Phenylpiracetam

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Phenotropil
Phenylpiracetam.svg
Systematic (IUPAC) name
(R,S)-2-(2-oxo-4-phenylpyrrolidin-1-yl)acetamide
Clinical data
Trade names Phenotropil; Carphedon
Pregnancy cat. Unknown
Legal status Legal
Routes Oral
Pharmacokinetic data
Bioavailability ~100 %
Metabolism None
Half-life 3-5 hours
Excretion Urine ~40% bile and perspiration ~60%
Identifiers
CAS number 77472-70-9 YesY
ATC code None
PubChem CID 132441
ChemSpider 116950 N
Chemical data
Formula C12H14N2O2 
Mol. mass 218.3 g/mol
Physical data
Boiling point 486.4 °C (908 °F)
 N (what is this?)  (verify)

Phenylpiracetam (Phenotropil, Carphedon) is a phenylated analog[disambiguation needed] of the nootropic drug piracetam which was developed in 1983 in Russia where it is available as a prescription drug. It has been used as a CNS and locomotor stimulant with antipsychotic, antidepressant, anti-amnesic, anxiolytic, performance enhancing, and memory enhancing nootropic effects that can be up to 30-60 times more potent than piracetam.[1][2]

Pharmacology[edit]

A small number of low-scale clinical studies have shown possible links between prescription of phenylpiracetam and improvement in a number of encephalopathic conditions, including lesions of cerebral blood pathways, traumatic brain injury and certain types of glioma.[3]

Phenylpiracetam reverses the depressant effects of the benzodiazepine diazepam, increases operant behavior, inhibits post-rotational nystagmus, prevents retrograde amnesia, and has anticonvulsant properties.[1][4][5]

Phenylpiracetam is typically prescribed as a general stimulant or to increase tolerance to extreme temperatures and stress.[6]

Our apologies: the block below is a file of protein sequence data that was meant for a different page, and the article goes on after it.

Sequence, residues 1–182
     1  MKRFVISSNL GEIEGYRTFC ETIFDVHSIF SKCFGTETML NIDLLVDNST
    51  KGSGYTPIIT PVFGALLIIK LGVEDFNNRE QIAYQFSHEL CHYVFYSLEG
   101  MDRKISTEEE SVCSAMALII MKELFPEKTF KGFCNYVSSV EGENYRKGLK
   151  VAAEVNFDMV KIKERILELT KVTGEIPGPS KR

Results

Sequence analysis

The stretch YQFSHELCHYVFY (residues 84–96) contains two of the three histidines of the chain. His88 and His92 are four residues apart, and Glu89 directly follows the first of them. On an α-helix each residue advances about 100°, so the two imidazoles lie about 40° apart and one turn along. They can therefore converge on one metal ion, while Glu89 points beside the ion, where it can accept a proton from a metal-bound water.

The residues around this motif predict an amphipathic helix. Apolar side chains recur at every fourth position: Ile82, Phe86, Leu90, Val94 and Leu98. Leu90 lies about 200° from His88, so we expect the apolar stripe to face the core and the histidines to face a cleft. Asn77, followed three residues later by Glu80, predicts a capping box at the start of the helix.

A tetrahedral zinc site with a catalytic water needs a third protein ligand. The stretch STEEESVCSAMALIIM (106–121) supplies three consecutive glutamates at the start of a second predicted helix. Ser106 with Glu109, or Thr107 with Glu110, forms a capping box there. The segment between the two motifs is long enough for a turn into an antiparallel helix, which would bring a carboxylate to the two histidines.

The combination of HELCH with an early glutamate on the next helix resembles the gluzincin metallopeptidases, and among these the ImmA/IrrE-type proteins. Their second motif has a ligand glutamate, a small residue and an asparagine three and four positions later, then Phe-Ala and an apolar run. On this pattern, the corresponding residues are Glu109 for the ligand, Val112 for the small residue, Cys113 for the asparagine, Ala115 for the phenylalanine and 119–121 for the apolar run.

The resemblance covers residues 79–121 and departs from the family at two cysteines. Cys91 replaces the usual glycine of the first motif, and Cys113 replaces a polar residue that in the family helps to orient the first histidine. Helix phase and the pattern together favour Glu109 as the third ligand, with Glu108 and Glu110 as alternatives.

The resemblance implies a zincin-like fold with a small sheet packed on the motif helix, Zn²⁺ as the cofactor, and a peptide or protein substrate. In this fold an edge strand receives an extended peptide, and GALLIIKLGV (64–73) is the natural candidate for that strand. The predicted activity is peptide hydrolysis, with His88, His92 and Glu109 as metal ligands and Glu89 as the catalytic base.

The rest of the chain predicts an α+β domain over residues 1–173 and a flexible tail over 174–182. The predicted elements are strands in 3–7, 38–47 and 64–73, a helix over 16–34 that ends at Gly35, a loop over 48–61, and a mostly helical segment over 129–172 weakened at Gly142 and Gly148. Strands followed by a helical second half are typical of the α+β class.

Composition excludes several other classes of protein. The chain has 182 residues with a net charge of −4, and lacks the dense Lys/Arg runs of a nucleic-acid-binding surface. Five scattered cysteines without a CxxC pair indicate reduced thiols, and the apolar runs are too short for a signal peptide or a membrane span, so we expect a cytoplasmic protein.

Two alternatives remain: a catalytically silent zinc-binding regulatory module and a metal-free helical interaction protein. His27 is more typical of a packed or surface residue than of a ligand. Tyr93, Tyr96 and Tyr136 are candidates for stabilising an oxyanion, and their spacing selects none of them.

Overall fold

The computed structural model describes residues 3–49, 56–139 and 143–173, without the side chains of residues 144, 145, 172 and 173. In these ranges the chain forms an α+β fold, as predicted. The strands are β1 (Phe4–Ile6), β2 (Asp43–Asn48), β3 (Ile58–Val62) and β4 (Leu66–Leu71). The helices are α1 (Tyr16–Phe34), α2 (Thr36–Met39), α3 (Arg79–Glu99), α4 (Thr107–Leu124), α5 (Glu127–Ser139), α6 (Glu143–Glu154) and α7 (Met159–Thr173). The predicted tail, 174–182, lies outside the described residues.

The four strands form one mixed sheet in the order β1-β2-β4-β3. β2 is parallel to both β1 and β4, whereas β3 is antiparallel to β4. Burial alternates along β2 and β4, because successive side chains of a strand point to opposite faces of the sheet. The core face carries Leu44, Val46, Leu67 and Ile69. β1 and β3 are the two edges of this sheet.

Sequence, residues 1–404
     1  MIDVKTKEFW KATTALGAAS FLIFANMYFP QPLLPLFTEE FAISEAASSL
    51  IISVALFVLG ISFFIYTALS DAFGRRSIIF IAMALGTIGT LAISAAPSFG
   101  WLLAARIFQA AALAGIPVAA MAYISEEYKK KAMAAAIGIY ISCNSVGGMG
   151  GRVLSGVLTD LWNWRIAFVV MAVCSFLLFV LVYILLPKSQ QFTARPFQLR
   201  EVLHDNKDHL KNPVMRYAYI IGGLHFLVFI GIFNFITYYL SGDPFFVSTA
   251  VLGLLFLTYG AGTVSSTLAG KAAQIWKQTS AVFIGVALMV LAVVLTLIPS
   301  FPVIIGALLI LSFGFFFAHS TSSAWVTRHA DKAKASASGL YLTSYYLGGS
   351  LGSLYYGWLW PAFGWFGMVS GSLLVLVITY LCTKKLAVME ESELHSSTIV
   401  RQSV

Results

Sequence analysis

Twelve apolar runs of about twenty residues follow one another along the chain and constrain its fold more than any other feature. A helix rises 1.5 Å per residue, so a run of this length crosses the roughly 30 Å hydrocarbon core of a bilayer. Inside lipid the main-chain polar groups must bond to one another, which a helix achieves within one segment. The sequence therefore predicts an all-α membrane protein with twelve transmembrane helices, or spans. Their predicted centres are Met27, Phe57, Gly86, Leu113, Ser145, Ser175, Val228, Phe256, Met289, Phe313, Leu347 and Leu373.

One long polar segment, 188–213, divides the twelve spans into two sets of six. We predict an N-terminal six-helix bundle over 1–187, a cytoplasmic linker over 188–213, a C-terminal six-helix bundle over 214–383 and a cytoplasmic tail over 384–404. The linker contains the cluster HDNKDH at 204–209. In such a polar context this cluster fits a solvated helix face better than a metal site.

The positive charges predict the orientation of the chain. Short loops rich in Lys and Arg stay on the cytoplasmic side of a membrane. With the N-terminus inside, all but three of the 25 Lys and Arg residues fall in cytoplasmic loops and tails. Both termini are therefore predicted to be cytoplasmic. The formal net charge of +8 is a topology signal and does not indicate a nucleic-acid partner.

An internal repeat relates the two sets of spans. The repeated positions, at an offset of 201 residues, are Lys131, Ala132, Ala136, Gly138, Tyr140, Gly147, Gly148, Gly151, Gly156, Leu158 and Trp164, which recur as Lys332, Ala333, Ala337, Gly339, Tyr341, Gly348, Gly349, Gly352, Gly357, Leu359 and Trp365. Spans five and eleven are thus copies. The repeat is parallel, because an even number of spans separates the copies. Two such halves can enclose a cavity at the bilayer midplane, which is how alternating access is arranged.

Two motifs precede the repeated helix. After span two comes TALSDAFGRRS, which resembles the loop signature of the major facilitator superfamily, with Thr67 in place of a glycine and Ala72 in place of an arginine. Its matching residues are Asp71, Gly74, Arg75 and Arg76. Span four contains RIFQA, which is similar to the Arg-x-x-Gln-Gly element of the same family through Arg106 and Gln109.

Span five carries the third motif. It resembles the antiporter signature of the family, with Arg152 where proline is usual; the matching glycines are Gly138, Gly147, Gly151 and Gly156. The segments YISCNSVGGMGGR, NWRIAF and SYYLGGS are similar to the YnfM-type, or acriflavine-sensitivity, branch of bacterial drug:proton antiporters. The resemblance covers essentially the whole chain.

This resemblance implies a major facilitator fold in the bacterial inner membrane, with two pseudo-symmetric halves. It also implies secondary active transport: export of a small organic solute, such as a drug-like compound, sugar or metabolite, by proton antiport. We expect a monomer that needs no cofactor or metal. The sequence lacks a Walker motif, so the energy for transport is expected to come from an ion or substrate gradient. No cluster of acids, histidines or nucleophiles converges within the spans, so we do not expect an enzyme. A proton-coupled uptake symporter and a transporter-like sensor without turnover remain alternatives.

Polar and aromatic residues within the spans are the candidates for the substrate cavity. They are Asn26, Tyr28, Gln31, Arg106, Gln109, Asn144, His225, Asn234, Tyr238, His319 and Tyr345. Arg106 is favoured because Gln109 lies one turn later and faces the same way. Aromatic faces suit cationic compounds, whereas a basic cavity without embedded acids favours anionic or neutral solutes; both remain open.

In Wistar rats with gravitational cerebral ischemia, Phenylpiracetam reduced the extent of neuralgic deficiency manifestations, retained the locomotor, research, and memory functions, increased the survival rate, and lead to the favoring of local cerebral flow restoration upon the occlusion of carotid arteries to a greater extent than did piracetam.[7]

In rats, it has been found to decrease the number of nACh and NMDA receptors and increase the density of D1, D2 and D3 receptors.[4]

When neuroleptic (antipsychotic) activity of phenotropil was studied in an experimental animal model, it showed marked neuroleptic activity in models of positive (apomorphine-induced verticalization test) and negative (5-HTP-induced hyperkinesis test) symptoms of psychoses as well as in the m-cholinergic pathway hyperactivation (arecoline-induced tremor test). The compound markedly antagonized haloperidol catalepsy. Used in a single dose or as a course treatment, phenotropil did not provoke nor intensify aggression. In contrast to typical and atypical antipsychotics, phenotropil had no sedative action and other adverse effects. It exhibited a positive effect on exploratory behavior and motor activity, had anxiolytic (anti-anxiety) and antidepressant action.[8]

Racemic phenylpiracetam and its enantiomers were tested for locomotor, antidepressant and memory-improving activity and influence on the central nervous system using general pharmacological tests in mice. In the open-field test, a significant increase in locomotor activity was observed after a single administration of R-phenylpiracetam at doses of 10 and 50 mg/kg and S-phenylpiracetam at a dose of 50 mg/kg. In the forced swim test, R-phenylpiracetam induced an antidepressant effect at doses of 100 and 50 mg/kg, and S-phenylpiracetam was active at a dose of 100 mg/kg. R-phenylpiracetam significantly enhanced memory function in a passive avoidance response test at a dose of 1 mg/kg; the S-enantiomer did not show any activity in this test. In conclusion, the antidepressant and increased locomotor activity relies on both R- and S-phenylpiracetam, but the memory-improving activity is only characteristic of R-phenylpiracetam.[2]